More Mini-Sanctuary

Posted in Sanctuary Spotlight at 1:42 pm by Jenn

The next part of the “mini” Sanctuary in Morrisville are two of the boys belonging to the Jacksonville 48. I’ll leave the entirety of the Jacksonville Saga to Susan to tell, as it is largely her story, but I did end up with two of the boys from that group. Basically, a backyard breeder duped a fellow rescue into believing that they were a rescue and left her with 48 sick half-dead pigs.

I volunteered to foster, and I ended up with #20 (who became Picadilly) and #21 (who became Hobo).

One of Hobo\'s earliest intake pictures.Hobo’s tale is an illustrious one filled with humping and yearning after guinea pig women.  He was one of the less spectacularly marked of the 48, so Susan paired with him Picadilly (an agouti satin) to help move him into a home. He got his name because of his ragged ears… we speculate that this breeder must have crammed pig after pig on top of each other and that there must have been nearly constant fighting. At his intake, he was probably only 8-9 weeks old.

They fostered with me for a good six months without any solid adoption leads, and Christmas quickly approached. They got stockings, and they got presents, and we realized that it was not in us to make the two of them go elsewhere. Shortly after Christmas 2005, Hobo’s problems began.

It started out with a scream in the night. He was screaming painfully while urinating, and was obviously in distress. He was rushed to the our current rescue vet immediately the next morning. A round of x-rays, intensive care, urinalysis, and other diagnostics revealed…. nothing. He was absolutely completely healthy. Lacking any other option, he was given a round of antibiotics and sent home.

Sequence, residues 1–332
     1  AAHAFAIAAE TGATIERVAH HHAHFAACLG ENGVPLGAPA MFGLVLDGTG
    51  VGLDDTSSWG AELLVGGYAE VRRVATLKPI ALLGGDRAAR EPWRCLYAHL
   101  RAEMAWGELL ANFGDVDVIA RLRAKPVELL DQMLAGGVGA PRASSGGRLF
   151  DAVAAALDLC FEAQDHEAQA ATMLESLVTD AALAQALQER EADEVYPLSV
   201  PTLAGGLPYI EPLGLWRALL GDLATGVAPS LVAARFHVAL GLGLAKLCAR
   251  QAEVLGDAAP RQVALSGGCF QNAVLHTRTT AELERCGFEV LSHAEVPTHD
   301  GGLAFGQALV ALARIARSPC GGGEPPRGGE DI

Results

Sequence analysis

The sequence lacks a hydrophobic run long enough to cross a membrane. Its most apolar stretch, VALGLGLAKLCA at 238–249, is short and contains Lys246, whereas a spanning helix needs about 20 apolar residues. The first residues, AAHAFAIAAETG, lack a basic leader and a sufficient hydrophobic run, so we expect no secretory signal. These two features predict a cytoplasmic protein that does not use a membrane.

The problem seemed to go away, but another problem had arisen. Having been separated from Picadilly, Hobo would no longer accept him. After several days of trying to rebond the two, it was given up, and Picadilly moved in with my first two guinea pigs, Gizmo and Mogwai.

A couple of weeks later, the problems resurfaced, and we went back to the vet, came back with more Critical Care (which is really good stuff, keep some in your house, seriously), more fluids, more Reglan, and more antibiotics. After a good two weeks of fighting tooth and nail to feed this poor pig (who was actually quite obnoxious when it came to being fed), I finally found the cause of the problem. He had a lump in his left testicle.

Hobo has a bad life.So back to the vet, and Hobo was neutered to remove the lump, which turned out to be a tumor surrounding an abscess. Then the fun began. Hobo abscessed a total of 3 times for a total of 8 weeks of antibiotics. He also rejected the suturing materials, which I discovered one horrifying morning when I found a small plastic string poking out of one of his surgical wounds. This was not due to the vet, who has performed many successful neuters for us before. Hobo is a genetic Frankenstein.

Finally, we healed him, and integrated him in with two spayed sows adopted for the purpose of being his friends, Lethe and Mnemosyne. It was decided that he was never really going to be a good candidate for adoption, given his history of aggression to males, and his extreme allergies to surgical materials, AND the fact that at the age of 1 year, he had already had a tumor removed. So he stayed with me.